These UAVSAR flights are part of a larger NASA-led effort to regularly monitor crustal deformation throughout much of California in order to better understand geologic hazards such as earthquakes, volcanoes, landslides and sinkholes. The UAVSAR data complement that obtained from spaceborne instruments and help NASA design more effective satellite observatories for global application.

NASA monitors Earth’s vital signs from land, air and space with a fleet of satellites and ambitious airborne and ground-based observation campaigns. NASA develops new ways to observe and study Earth’s interconnected natural systems with long-term data records and computer analysis tools to better see how our planet is changing. The agency shares this unique knowledge with the global community and works with institutions in the United States and around the world that contribute to understanding and protecting our home planet.




All of this week's top headlines to your email every Friday.


 
 

 

Headlines December 17, 2014

News: U.S. Air Force tanker platform slated for year-end debut - Boeing is planning for first flight of its 767-2C – upon which the U.S. Air Force’s new KC-46 tanker will be based – by year’s end, six months late. Northrop Grumman wins $657.4 million deal to supply drones to South Korea - Northrop Grumman has won...
 
 

NASA launches new Micro-g NExT for undergraduates

NASA is offering undergraduate students an opportunity to participate in a new microgravity activity called Micro-g Neutral Buoyancy Experiment Design Teams. The deadline for proposals is Jan. 28, 2015. Micro-g NExT challenges students to work in teams to design and build prototypes of spacewalking tools to be used by astronauts for spacewalk training in the...
 
 
launch1

Storm fails to quench liftoff of secret reconnaissance satellite

The fiery launch of an Atlas V (541), among the most powerful of the venerable Atlas family, briefly dispelled the gloom over Californiaís Central Coast on the evening of Dec. 12. A team of personnel from United Launch Allianc...
 

 
Coast Guard photograph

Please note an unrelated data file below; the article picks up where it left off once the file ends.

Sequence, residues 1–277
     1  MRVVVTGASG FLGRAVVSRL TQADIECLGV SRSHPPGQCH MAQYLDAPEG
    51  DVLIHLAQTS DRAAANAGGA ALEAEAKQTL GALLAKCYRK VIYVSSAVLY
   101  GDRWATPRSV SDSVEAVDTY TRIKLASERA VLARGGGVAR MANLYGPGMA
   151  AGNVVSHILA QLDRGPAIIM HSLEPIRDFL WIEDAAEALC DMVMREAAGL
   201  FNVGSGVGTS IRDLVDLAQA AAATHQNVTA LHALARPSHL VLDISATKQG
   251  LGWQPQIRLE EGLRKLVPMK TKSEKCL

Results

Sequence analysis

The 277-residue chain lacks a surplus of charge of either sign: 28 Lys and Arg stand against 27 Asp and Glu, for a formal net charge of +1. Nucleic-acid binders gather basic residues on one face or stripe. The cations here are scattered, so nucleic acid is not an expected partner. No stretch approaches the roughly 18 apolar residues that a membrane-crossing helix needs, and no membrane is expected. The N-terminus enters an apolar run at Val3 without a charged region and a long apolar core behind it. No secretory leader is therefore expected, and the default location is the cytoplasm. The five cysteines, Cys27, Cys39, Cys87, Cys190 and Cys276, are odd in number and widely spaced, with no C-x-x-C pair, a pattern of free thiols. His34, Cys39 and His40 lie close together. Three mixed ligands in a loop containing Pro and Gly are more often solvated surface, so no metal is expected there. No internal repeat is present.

Navy demonstrates unmanned helicopter operations aboard Coast Guard cutter

http://static.dvidshub.net/media/video/1412/DOD_102145893/DOD_102145893-512×288-442k.mp4 Coast Guard photograph An MQ-8B Fire Scout UAS is tested off the Coast Guard Cutter Bertholf near Los Angeles, Dec. 5 2014. The Coast...
 
 
GPS-OCX

GPS III, OCX successfully demonstrate key satellite command, control capabilities

Lockheed Martin and Raytheon successfully completed the fourth of five planned launch and early orbit exercises to demonstrate new automation capabilities, information assurance and launch readiness of the worldís most powerfu...
 
 

Aerojet Rocketdyne successfully demonstrates 3D printed rocket propulsion system for satellites

Aerojet Rocketdyne has successfully completed a hot-fire test of its MPS-120 CubeSat High-Impulse Adaptable Modular Propulsion System. The MPS-120 is the first 3D-printed hydrazine integrated propulsion system and is designed to provide propulsion for CubeSats, enabling missions not previously available to these tiny satellites. The project was funded out of the NASA Office of Chief...
 




0 Comments


Be the first to comment!


Leave a Reply

Your email address will not be published. Required fields are marked *

You may use these HTML tags and attributes: <a href="" title=""> <abbr title=""> <acronym title=""> <b> <blockquote cite=""> <cite> <code> <del datetime=""> <em> <i> <q cite=""> <strike> <strong>